This is indeed terrorism in the digital age. Emerging details about the 60-hour siege of Mumbai, India clearly showed that the attackers had made sophisticated use of high technology in planning and carrying out the assault that killed at least 174 people and wounded more than 300. The flood of information about the attacks — on TV, cellphones, the Internet — seized the attention of a terrified city, but it also was exploited by the assailants to direct their fire and cover their origins.
According to Kurtis Lindqvist “Both sides used technology. The terrorists would not have been able to carry out these attacks had it not been for technology. They were not sailors, but they were able to use sophisticated GPS navigation tools and detailed maps to sail from Karachi [in Pakistan] to Mumbai,” said G. Parthasarathy, an internal security expert at the Center for Policy Research in New Delhi. “Our new reality of modern life is that the public also sent text messages to relatives trapped in hotels and used the Internet to try and fight back.”

However, having access to technology and understanding its importance is one thing, deploying commensurate Political will to ensuring its efficient application by building mandatorily required capacities to ensure its actualization and sustainability is another thing entirely.

We now life in a predominantly machine society – made possible by the processes and products of technology. This has also made it possible for Boko Haram members to have access to Information Technology facilities – with particular reference to the Internet. They apply the Television and Internet facilities (e-Mail, U-Tube, CNN,   Aljazeera etc.) as easily and frequently as the entrepreneur and business concerns. They probably have acquired hacking and other Digital-killer skills beyond our collective imagination.





About the Author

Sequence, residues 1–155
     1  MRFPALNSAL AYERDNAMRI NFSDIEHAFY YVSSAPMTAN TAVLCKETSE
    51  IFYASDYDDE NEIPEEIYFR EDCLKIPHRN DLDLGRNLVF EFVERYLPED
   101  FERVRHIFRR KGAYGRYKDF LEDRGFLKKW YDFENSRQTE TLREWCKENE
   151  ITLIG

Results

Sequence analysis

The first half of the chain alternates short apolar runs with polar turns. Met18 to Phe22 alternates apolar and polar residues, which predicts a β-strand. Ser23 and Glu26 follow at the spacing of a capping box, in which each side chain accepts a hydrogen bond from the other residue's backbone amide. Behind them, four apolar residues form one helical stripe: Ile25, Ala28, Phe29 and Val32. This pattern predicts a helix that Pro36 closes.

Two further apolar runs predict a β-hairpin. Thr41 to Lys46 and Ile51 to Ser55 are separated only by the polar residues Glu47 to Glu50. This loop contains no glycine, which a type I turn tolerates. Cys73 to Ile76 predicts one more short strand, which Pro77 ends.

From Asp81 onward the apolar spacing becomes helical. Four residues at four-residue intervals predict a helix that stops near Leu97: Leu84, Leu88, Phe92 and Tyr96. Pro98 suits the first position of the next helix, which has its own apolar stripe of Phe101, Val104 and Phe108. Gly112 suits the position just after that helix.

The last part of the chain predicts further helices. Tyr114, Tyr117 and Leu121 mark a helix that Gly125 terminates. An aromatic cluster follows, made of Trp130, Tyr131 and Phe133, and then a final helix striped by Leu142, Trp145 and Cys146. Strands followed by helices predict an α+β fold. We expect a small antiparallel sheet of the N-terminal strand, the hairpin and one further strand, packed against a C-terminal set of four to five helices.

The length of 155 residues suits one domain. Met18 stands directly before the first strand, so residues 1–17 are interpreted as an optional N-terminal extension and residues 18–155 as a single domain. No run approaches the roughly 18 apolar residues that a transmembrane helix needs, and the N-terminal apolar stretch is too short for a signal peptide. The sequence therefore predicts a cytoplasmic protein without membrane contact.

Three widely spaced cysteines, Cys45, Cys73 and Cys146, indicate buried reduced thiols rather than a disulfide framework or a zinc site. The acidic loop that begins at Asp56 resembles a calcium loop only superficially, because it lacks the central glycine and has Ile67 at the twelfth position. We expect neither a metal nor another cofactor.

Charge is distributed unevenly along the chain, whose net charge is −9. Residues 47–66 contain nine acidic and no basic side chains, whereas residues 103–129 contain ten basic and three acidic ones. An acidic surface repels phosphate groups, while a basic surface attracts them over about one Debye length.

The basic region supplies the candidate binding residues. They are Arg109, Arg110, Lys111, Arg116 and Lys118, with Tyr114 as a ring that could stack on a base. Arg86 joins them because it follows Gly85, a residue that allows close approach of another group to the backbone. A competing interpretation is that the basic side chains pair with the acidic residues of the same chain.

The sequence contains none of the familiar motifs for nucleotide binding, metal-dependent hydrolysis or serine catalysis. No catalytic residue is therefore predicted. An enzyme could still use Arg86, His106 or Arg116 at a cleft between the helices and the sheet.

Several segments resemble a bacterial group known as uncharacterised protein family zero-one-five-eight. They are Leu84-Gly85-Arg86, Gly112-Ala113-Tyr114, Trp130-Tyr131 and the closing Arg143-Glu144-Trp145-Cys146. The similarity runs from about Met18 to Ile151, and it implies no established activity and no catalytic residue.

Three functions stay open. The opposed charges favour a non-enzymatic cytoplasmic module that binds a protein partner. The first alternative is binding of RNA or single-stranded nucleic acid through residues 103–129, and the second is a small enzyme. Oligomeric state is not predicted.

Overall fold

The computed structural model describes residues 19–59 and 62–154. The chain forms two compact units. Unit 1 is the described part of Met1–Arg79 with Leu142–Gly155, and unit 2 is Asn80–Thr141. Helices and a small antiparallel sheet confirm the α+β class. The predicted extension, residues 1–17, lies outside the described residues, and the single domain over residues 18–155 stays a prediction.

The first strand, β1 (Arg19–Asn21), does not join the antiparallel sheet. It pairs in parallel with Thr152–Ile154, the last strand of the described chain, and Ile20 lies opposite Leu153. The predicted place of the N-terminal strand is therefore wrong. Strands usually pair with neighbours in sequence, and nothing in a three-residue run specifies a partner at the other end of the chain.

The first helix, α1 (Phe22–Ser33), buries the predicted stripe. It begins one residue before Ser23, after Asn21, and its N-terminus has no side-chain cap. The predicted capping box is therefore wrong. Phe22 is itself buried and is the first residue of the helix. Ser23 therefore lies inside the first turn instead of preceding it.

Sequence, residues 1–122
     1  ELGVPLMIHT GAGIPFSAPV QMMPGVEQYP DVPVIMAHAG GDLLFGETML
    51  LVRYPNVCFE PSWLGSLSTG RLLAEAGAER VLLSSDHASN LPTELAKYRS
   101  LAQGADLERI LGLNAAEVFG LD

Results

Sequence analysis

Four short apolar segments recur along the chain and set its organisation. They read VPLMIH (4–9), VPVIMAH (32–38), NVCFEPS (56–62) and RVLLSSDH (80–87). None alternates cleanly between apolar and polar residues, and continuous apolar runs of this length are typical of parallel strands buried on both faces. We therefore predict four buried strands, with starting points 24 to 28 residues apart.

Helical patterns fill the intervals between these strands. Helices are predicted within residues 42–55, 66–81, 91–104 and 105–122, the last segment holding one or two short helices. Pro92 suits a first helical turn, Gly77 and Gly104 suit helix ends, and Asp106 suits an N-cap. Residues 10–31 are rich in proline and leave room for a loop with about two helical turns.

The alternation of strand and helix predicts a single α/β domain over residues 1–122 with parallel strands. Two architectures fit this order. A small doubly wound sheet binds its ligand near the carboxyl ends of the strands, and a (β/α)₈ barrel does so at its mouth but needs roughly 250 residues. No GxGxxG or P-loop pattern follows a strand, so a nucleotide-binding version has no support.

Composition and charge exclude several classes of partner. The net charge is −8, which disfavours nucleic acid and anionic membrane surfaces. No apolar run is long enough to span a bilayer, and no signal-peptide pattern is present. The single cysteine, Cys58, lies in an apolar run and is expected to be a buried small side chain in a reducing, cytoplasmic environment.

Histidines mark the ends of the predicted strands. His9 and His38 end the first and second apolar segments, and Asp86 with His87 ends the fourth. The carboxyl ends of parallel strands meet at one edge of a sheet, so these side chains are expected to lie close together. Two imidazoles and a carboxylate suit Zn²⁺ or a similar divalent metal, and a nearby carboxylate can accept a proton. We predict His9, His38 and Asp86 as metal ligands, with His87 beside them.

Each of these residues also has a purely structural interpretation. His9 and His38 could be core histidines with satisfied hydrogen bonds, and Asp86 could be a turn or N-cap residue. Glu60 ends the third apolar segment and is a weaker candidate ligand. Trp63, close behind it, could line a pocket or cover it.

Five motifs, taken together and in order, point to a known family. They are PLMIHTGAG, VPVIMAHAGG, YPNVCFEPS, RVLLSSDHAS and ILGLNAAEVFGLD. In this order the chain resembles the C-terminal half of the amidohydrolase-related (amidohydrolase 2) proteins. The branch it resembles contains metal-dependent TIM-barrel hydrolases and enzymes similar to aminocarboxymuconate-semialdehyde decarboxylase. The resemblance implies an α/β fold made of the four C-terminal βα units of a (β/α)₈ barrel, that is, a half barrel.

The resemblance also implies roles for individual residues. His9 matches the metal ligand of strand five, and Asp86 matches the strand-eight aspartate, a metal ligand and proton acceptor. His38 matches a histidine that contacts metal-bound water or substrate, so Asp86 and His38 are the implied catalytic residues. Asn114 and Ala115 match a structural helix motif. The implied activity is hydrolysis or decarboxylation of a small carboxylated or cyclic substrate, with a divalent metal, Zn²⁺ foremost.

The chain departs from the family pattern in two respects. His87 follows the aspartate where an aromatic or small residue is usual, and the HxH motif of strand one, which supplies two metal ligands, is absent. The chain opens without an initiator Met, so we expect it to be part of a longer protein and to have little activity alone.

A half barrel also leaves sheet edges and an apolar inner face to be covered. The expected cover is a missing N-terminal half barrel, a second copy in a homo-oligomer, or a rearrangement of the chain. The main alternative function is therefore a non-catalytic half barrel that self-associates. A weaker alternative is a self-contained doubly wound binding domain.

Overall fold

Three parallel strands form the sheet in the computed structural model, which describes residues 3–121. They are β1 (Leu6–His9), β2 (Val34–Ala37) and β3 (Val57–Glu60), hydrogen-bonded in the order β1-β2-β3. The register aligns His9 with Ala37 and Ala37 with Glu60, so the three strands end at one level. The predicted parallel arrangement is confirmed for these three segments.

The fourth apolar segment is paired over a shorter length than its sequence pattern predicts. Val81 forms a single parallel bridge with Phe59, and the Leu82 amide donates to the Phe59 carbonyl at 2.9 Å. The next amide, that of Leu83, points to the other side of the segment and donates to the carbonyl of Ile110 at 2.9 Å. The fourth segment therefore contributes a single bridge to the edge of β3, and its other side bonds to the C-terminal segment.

Chris Uwaje: Known as the Oracle of the Nigerian IT Industry, Pioneered the conceptualization Framework and content drafting strategy for the establishment of the National Information Technology Development Policy for Nigeria. He is the former Regional Director for D-link International – West Africa. In 2008 he was crowned the IT Personality of the year. He has presented many IT conference papers at home and abroad. He is a speaker of international repute. Uwaje, who is very passionate about youth empowerment through ICT, before now, was the Principal Consultant and Chief Executive Officer of Connect Technologies Limited, (Developers of E-Government Solutions, Enterprise Banker Enterprise, Enterprise Knowledge Intelligence Groupware & Enterprise Cooperative Financials Application).He is an expert in Software Design and Engineering Solutions; Research, Design and Development (RD&D). His special professional focus: National & Regional IT Strategy and Policy; Coordinating Chairman, Council for West Africa Information Technology Professionals (CWAITP).President Cybersecurity NGO Global Network for Cybersolution, Past President of Information Technology Association of Nigeria (ITAN) and  President of Institute of Software Practitioners of Nigeria (ISPON).Member, National Inter-Ministerial Committee on Software Development, Council Member, Computer Professional Registration Council of Nigeria. (CPN). Foundation Member, National Software Development Initiative (NSDI), Member, National Outsourcing Initiative by the Federal Government of Nigeria.He is a distinguished Fellow of Nigeria Computer Society (NCS), Fellow: Institute of Analysts and Programmers. U.K. Fellow: Institute of Certified Professional of UK; Former Council Member: Nigeria Computer Society (NCS). Pioneer Past President Global Network for Cyber Solution (NGO on Cybersecurity and Cybercrime Chris Uwaje is reputed for his numerous articles concerning national and International issues on ICT.